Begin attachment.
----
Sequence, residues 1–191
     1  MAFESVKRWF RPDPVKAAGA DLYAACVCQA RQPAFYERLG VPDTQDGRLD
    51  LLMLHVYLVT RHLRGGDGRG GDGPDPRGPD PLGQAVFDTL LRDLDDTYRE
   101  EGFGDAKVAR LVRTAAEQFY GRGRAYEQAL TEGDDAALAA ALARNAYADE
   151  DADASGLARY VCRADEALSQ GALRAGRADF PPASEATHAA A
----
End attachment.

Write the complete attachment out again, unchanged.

Sequence, residues 1–191
     1  MAFESVKRWF RPDPVKAAGA DLYAACVCQA RQPAFYERLG VPDTQDGRLD
    51  LLMLHVYLVT RHLRGGDGRG GDGPDPRGPD PLGQAVFDTL LRDLDDTYRE
   101  EGFGDAKVAR LVRTAAEQFY GRGRAYEQAL TEGDDAALAA ALARNAYADE
   151  DADASGLARY VCRADEALSQ GALRAGRADF PPASEATHAA A